Brooklyn Law School recently announced a 15% percent cut to tuition. Although Brooklyn will maintain tuition at its current level of $53,850 a year for the class entering this coming fall, next year’s tuition will decrease to $45,850. That’s not all Brooklyn is doing, however: they are also increasing need-based aid, decreasing merit aid, and they claim that LSAT scores will no longer factor in their decision to award merit aid. 

If you go to law school, you want it to pay out, right? As our own little contribution to law school rankings season, we wanted to show the schools that are, on average, doing the best job grabbing you a paycheck that can clear up that law school debt within your expected lifespan. We took the top 25 schools from Forbes’ The Law Schools Whose Grads Earn The Biggest Paychecks In 2014, removed any schools that placed fewer than 70% of their graduates into full-time legal jobs, and compared the average starting pay to the average indebtedness of grads.

Hi everyone, it’s that time of year where your law school gets ranked and you can send harassing messages to your friends if their law school fell in the rankings. US News has published it’s annual “Best Graduate Schools” rankings. As I’ve said before, the US News rankings are essentially evil, encouraging big spending by law schools that has led to wildly inflated tuition. Despite that, they are also essentially accurate, giving a measure of a law school’s prestige that aligns fairly well with perception in the wider legal world.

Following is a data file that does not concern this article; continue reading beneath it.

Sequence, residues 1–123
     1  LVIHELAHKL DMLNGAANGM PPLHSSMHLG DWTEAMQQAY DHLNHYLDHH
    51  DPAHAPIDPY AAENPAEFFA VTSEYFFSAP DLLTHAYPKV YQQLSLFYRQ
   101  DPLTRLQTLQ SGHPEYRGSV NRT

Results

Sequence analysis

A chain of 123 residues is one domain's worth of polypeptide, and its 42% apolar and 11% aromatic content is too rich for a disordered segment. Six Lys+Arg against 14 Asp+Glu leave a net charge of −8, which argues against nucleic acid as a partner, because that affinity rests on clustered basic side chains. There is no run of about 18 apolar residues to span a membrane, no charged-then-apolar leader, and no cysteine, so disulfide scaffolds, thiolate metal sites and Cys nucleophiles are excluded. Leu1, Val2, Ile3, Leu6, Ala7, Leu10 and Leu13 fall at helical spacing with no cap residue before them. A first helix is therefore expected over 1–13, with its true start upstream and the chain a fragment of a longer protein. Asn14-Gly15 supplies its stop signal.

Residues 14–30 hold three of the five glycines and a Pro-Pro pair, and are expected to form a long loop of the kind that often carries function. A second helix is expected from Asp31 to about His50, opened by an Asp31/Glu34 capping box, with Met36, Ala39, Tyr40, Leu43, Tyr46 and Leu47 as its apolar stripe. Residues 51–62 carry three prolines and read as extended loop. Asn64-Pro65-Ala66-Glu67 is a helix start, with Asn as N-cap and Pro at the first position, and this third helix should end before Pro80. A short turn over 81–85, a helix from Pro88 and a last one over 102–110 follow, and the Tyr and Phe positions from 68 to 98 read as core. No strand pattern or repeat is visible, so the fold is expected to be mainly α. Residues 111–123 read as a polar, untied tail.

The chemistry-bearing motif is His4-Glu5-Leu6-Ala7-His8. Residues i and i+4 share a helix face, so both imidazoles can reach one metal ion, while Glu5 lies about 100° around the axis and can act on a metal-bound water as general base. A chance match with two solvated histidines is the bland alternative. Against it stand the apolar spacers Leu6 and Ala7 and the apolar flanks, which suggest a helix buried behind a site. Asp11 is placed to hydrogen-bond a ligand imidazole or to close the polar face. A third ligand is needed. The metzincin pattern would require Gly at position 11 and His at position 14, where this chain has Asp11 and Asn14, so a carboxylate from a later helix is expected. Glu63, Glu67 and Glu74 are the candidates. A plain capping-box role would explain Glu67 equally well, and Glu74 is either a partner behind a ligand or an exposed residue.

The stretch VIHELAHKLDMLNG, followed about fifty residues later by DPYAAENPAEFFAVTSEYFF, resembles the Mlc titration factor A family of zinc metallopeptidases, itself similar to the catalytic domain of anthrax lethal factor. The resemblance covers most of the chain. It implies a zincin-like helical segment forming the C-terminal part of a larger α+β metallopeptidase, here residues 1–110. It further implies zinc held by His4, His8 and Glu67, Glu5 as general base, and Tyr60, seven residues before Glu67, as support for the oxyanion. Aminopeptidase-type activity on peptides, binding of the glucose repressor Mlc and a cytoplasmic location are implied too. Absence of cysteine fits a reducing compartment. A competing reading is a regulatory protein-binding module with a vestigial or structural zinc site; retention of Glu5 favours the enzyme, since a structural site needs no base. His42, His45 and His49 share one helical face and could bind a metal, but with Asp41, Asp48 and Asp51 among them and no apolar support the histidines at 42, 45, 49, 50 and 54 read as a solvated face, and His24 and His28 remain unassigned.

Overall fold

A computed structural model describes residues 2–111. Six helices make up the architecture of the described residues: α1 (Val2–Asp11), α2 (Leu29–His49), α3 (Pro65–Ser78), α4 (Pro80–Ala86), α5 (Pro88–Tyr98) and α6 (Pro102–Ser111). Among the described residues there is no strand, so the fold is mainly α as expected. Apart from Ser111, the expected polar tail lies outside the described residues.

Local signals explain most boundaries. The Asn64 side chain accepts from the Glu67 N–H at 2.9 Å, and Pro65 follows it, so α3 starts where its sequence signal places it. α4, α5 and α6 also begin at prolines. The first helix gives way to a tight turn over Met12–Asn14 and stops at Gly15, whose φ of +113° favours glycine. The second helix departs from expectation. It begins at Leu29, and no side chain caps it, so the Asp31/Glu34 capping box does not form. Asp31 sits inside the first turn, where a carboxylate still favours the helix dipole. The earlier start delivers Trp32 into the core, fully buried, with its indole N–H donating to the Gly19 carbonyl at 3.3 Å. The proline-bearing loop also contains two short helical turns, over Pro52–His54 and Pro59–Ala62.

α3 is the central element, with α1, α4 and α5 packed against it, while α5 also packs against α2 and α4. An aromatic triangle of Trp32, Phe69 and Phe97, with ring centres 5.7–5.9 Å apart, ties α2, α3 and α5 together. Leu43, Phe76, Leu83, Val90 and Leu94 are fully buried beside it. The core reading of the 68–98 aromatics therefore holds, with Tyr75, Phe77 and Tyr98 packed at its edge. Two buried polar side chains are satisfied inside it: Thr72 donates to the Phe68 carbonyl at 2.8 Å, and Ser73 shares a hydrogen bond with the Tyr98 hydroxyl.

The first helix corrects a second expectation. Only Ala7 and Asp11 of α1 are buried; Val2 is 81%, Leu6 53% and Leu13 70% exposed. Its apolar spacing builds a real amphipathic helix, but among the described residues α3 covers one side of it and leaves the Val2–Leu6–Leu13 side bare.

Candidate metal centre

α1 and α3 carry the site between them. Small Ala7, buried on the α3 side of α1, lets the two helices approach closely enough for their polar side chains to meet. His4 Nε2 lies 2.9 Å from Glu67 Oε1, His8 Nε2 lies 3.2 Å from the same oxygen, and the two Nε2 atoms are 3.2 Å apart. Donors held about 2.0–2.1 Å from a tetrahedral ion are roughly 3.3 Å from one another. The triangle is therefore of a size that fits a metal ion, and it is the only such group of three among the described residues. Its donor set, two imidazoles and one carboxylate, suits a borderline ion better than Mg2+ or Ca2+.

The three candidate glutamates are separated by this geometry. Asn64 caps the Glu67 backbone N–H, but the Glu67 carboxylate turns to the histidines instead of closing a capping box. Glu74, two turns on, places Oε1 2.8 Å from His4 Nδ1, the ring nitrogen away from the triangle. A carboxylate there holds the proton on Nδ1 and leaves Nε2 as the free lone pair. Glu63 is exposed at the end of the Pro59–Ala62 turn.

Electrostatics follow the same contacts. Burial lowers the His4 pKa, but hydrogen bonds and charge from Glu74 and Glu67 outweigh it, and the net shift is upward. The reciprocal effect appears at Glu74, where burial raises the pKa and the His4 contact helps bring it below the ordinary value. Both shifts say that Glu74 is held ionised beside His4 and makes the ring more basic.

We are going to turn some reader questions into full posts in cases where I think a lot of people might be in a similar situation. A common decision is whether to go to law school in your home state or farther afield, and making the right choice can be critical. One of our readers writes in: I wanted to get your opinion on my law school choices. For some background: I’ve been working as a television producer for the last few years and want to work in IP/entertainment law (I’m hoping my TV background would be really attractive to…

Law schools charge a lot of money for tuition, and since the Great Recession it has been increasingly said that most of them don’t offer the job prospects to justify the expense. While the debate over the value of a law degree wears on, it’s at least clear that law schools extract a lot more of money from students than they need too. Years of competition over rankings has fueled a spending bonanza, and almost all law schools now boast plush buildings, an array of expensive clinics, and impressively high faculty to student ratios. It’s all really nice when you are in…